- 15. Fig. 6. Simulation results: the linear MPC algorithm (solid line) and the linear MPC algorithm when the predicted output variable y3 is not constrained (dashed line) for set- point change from the operating point A to C (the linear model for the operating point C is used, real state measurements are used, no constraints imposed on the rate of change of the manipulated variables are taken into account). Fig. 7. Simulation results: the nonlinear MPC-NO algorithm (solid line with dots) and the nonlinear MPC-SL algorithm (dashed line with circles) for set-point change from the operating point B to C (real state measurements are used, no constraints imposed on the rate of change of the manipulated variables are taken into account). M. Ławryńczuk / ISA Transactions 67 (2017) 476–495490
- 16. Fig. 8. Simulation results: the nonlinear MPC-NO algorithm (solid line with dots) and the nonlinear MPC-SL algorithm (dashed line with circles) for set-point change from the operating point A to C (real state measurements are used, no constraints imposed on the rate of change of the manipulated variables are taken into account). Fig. 9. Simulation results: the nonlinear MPC-NO algorithm (solid line with dots) and the nonlinear MPC-SL algorithm (dashed line with circles) for set-point change from the operating point B to C (real state measurements are used, the constraints imposed on the rate of change of the manipulated variables are taken into account). M. Ławryńczuk / ISA Transactions 67 (2017) 476–495 491
- 17. Fig. 10. Simulation results: the nonlinear MPC-NO algorithm (solid line with dots) and the nonlinear MPC-SL algorithm (dashed line with circles) for set-point change from the operating point A to C (real state measurements are used, the constraints imposed on the rate of change of the manipulated variables are taken into account). Fig. 11. Simulation results: the nonlinear MPC-NO algorithm (solid line with dots) and the nonlinear MPC-SL algorithm (dashed line with circles) for set-point change from the operating point B to C (the state observer is used with a wrong initial condition, the constraints imposed on the rate of change of the manipulated variables are taken into account, the inputs of the process are affected by step disturbances, the outputs are affected by measurement noise). M. Ławryńczuk / ISA Transactions 67 (2017) 476–495492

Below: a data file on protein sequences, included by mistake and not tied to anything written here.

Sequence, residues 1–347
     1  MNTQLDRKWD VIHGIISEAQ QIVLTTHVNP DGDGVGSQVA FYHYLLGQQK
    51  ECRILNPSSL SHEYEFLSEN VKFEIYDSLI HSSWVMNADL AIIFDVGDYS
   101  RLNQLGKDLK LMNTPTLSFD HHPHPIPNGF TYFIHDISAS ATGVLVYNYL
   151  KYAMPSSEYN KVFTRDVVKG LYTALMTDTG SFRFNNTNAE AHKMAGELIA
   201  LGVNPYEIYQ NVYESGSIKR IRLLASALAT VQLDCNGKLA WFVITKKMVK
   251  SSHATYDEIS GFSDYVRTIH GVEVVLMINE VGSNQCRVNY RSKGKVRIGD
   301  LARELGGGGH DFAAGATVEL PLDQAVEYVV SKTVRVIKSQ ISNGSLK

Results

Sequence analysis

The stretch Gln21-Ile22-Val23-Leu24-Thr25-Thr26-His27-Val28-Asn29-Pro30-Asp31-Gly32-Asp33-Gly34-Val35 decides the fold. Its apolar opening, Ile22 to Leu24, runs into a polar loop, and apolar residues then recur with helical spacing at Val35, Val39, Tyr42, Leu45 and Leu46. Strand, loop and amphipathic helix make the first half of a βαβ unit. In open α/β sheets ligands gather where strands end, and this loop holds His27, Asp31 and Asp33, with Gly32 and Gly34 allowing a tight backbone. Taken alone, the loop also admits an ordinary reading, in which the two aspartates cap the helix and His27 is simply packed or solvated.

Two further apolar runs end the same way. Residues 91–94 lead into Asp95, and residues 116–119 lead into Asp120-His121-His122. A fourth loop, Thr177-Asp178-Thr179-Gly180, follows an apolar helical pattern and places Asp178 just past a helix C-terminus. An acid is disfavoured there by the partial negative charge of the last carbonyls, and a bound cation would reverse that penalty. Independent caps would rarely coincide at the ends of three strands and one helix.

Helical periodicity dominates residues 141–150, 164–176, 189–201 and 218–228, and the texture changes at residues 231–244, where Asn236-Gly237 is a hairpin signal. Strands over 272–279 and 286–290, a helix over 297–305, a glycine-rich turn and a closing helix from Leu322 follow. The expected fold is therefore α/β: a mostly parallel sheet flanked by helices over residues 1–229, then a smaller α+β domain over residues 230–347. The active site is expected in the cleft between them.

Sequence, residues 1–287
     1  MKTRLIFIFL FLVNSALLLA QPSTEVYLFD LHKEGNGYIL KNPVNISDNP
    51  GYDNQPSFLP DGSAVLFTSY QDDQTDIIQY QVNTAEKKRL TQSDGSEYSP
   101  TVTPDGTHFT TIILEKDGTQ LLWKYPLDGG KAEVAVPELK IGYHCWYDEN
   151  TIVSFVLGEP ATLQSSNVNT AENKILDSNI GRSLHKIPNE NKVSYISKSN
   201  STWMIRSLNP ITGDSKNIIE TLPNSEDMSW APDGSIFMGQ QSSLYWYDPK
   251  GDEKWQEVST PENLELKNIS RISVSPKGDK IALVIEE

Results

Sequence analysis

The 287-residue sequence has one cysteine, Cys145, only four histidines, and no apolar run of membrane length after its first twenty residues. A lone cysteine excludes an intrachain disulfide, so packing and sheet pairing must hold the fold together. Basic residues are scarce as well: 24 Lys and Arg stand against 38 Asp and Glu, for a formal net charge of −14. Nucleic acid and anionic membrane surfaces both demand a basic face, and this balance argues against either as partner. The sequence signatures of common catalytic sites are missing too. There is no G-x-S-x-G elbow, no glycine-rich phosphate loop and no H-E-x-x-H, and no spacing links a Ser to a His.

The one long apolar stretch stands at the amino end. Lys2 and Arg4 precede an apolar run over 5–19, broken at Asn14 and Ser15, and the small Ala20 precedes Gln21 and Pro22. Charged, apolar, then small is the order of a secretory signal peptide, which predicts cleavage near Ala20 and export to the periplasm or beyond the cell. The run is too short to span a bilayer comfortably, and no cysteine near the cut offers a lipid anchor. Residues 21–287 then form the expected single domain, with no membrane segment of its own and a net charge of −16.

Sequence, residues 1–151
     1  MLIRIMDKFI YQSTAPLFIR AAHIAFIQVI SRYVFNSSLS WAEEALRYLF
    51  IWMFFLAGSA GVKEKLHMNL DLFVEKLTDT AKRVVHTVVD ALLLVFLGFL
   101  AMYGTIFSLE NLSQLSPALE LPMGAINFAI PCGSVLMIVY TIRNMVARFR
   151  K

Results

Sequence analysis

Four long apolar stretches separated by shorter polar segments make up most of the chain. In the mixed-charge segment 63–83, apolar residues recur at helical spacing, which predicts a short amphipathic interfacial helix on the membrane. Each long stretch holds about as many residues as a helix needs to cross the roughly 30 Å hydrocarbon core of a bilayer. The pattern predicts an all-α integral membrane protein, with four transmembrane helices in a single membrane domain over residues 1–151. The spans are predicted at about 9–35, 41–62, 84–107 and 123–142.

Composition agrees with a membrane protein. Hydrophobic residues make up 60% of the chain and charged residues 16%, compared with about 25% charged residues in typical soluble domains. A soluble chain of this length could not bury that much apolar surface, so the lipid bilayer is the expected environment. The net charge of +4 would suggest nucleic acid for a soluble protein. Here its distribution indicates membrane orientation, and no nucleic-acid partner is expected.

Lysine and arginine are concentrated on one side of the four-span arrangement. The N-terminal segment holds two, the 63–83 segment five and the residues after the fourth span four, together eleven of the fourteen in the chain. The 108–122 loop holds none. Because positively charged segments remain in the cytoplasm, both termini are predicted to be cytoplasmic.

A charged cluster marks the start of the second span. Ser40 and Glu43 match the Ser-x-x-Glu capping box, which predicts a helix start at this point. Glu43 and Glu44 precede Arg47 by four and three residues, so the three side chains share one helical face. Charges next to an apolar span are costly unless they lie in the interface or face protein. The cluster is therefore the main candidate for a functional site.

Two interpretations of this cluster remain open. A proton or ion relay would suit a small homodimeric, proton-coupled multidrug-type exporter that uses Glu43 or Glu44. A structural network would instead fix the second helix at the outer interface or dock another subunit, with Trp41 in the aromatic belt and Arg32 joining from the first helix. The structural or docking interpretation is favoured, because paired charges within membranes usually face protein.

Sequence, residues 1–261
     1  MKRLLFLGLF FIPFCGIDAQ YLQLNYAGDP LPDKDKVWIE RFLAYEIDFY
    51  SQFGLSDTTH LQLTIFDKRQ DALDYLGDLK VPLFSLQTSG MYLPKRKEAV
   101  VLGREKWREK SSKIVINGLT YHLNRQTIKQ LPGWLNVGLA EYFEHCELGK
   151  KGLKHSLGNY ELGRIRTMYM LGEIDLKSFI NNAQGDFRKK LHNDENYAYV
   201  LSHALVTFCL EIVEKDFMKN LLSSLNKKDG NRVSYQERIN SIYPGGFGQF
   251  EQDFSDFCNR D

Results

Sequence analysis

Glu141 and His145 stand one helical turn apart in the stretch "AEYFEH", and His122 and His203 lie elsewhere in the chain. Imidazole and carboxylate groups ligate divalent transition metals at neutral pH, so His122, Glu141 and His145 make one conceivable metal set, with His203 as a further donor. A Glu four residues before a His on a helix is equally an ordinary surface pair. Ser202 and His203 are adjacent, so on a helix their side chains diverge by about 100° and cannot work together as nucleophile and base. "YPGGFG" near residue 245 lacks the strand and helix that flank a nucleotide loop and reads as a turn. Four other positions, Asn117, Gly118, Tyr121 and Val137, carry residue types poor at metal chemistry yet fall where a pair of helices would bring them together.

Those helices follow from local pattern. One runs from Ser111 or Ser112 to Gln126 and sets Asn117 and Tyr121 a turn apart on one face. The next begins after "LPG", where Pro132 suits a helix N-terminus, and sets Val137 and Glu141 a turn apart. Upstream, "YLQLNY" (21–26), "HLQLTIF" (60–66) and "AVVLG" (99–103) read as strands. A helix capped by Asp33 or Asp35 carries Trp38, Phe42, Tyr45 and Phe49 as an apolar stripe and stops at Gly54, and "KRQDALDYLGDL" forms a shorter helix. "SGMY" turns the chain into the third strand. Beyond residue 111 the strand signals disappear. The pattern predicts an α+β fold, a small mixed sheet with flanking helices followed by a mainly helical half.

- 18. imposed on the rate of change of the manipulated variables, with or without the state observer. When the observer is used, it is also assumed that its initial condition is wrong, the process output measurements are characterised by noise and two input step disturbances act on the process. Two approaches to soft output constraints are also compared, i.e. the suboptimal method in which the same coefﬁcients ε ( )kmin and ε ( )kmax are used over the whole prediction horizon (as in the MPC-SL optimisation problem (41) with +N3 2u decision variables) and the optimal method in which different violations ε ε( + ) … ( + )k k N1 , ,min min and ε ε( + ) … ( + )k k N1 , ,max max may be adjusted independently for consecutive sampling instants (as in the MPC-SL optimisation Fig. 12. Simulation results: the nonlinear MPC-NO algorithm (solid line with dots) and the nonlinear MPC-SL algorithm (dashed line with circles) for set-point change from the operating point A to C (the state observer is used with a wrong initial condition, the constraints imposed on the rate of change of the manipulated variables are taken into account, the inputs of the process are affected by step disturbances, the outputs are affected by measurement noise). Fig. 13. Top panels: real state trajectories (solid line with dots) and the estimated state trajectories (dashed line) in the nonlinear MPC-SL algorithm (dashed line with circles), bottom panels: state estimation errors, for set-point change from the operating point B to C (left panels) and from A to C (right panels), (the state observer is used with a wrong initial condition, the constraints imposed on the rate of change of the manipulated variables are taken into account, the inputs of the process are affected by step disturbances, the outputs are affected by measurement noise). M. Ławryńczuk / ISA Transactions 67 (2017) 476–495 493